As soon as Tonya Harding put her leg up on the boards to show the judges her broken skate lace at the 1994 Winter Olympics in Lillehammer, it became an iconic moment in sports history. Here was the beleaguered U.S. figure skater — the talk of the American tabloids and the centre of one of the biggest scandals in figure skating history — essentially asking for a do-over. At the Olympics.
Twenty-four years later, that scene is playing out in movie theatres all over North America, in the much buzzed-about biopic I, Tonya. But the cameras that were actually there immortalized it.
The photographer behind one of the clearest, most precise shots of that moment is none other than the Free Press’s own Boris Minkevich.
Minkevich, 47, was not the Free Press’s own at the time. He was 24 years old, the same age as Harding, and had just gotten out of college.
"I had arranged to have accreditation for the Olympics through the Canadian University Press," he recalls. "I had to find all these different clients to pay for my trip, and finding different people to work for because I wasn’t on staff anywhere."
It was his first Olympic games. "For a young student, this was the big time," he says. "This was the actual chance to be with all those (photographers) you saw in magazines."
In Lillehammer, Minkevich noticed that the European and Asian photographers weren’t initially as interested in Harding as the North American photographers.
"This was the big story in North America: Tonya Harding and Nancy Kerrigan. It was a big U.S. soap opera. Every time she’d skate, it’d be packed with U.S. photographers," he says.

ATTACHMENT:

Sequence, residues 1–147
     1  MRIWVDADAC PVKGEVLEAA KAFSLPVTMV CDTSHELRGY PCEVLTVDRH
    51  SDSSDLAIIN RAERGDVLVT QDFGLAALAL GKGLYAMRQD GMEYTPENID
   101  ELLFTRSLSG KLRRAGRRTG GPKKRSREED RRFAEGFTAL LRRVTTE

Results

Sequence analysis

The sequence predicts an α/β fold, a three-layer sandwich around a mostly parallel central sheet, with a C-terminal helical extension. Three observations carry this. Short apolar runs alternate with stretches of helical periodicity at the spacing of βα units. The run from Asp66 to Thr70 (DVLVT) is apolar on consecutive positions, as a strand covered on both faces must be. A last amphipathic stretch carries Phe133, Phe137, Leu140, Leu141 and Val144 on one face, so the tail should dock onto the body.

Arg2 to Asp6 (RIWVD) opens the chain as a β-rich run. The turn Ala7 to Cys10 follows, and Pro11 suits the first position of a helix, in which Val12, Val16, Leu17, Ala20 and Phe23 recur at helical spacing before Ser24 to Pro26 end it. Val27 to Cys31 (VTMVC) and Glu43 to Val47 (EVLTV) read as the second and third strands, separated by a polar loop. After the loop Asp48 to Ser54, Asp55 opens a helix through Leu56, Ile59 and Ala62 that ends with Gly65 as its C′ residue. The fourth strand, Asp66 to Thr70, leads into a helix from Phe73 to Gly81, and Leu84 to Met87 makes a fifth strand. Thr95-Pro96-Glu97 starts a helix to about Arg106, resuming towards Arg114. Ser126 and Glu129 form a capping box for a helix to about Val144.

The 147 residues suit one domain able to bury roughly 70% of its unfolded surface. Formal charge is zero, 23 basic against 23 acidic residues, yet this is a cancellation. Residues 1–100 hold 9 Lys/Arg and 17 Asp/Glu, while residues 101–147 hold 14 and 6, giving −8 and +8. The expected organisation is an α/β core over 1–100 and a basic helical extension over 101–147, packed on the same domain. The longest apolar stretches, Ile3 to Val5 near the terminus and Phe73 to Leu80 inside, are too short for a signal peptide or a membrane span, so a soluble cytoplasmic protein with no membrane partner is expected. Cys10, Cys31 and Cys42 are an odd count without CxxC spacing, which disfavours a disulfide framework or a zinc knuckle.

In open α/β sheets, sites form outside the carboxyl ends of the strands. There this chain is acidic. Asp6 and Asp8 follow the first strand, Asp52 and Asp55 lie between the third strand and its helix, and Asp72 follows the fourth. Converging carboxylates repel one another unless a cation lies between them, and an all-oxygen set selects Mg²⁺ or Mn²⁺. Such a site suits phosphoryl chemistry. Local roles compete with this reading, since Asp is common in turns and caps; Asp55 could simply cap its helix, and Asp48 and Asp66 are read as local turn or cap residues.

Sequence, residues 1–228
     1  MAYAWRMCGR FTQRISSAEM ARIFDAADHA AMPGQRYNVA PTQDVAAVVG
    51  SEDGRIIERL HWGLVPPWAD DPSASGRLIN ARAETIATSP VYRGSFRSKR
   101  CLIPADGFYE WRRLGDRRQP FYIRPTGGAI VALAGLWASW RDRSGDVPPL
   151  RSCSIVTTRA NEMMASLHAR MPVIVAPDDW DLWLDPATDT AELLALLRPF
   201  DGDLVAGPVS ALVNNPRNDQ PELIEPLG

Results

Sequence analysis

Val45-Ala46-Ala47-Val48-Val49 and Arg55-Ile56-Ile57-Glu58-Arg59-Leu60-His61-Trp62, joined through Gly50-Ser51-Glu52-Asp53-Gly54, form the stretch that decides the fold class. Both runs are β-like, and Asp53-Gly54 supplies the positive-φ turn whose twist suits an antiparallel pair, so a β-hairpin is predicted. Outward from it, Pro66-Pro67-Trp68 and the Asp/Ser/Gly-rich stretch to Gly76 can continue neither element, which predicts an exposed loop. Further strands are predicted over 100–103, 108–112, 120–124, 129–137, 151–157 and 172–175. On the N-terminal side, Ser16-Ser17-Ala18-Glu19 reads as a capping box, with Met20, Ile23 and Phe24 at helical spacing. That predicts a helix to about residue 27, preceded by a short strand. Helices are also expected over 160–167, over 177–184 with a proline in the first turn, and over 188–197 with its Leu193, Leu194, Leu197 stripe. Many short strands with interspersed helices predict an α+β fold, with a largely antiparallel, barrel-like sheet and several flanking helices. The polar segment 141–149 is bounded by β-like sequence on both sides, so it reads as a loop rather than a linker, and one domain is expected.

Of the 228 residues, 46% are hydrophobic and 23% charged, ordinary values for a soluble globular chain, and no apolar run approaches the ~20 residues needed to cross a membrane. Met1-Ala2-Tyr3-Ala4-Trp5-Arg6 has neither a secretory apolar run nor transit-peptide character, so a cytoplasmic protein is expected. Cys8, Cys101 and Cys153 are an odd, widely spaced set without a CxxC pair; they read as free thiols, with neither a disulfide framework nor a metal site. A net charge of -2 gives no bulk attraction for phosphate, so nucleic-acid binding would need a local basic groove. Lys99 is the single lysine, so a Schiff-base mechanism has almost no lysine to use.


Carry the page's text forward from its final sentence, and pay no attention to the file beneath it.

"It wasn’t really until she broke her skate lace that it really went bananas."
Minkevich recalls that moment vividly. "She comes on to skate and she’s doing her routine — and then she stops skating and there was silence," he recalls.
"An incredible, unbelievable pause. I remember it — like, it was silent. No one was taking pictures. Everyone was confused, almost. And then, as soon as she went over to the judges to show why she stopped and she was crying and all that stuff, that’s when the sound of shutters drowned out everything."
Photographers were assigned certain positions along the boards. "I was lucky, because to my right, facing the boards, there was a Reuters photographer from Japan, a very short guy."
Minkevich, meanwhile, is six-foot-seven.
"She stops skating and there was silence. An incredible, unbelievable pause. I remember it — like, it was silent. No one was taking pictures. Everyone was confused, almost."
"I swung over the big lens, and it literally swung over this other photographer’s head, and I had a perfectly clear view of that angle," he says. "All I thought in my head was, ‘When am I going to run out of film?’ We were still in the film days, so you had 36 shots. You just buzzed through the film hoping you wouldn’t hear the sound of the film starting to rewind just as the moment was happening."
Minkevich had The Shot, now he had to figure out how to actually get it out there. He’d met a guy from a photo agency in Paris, which processed the photo and distributed it.
"I don’t even know where it ran," he says.
Shortly after Minkevich was hired by the Free Press, he went to Washington, D.C., to accept an award. He had entered his photo in a National Press Photographers Association contest.
"I got third place in the world for Sports Feature," he says. "Just some kid from the Prairies who figured out how to get to the biggest sporting event in the world."
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Jen Zoratti is a Winnipeg Free Press columnist and co-host of the paper's local culture podcast, Bury the Lede.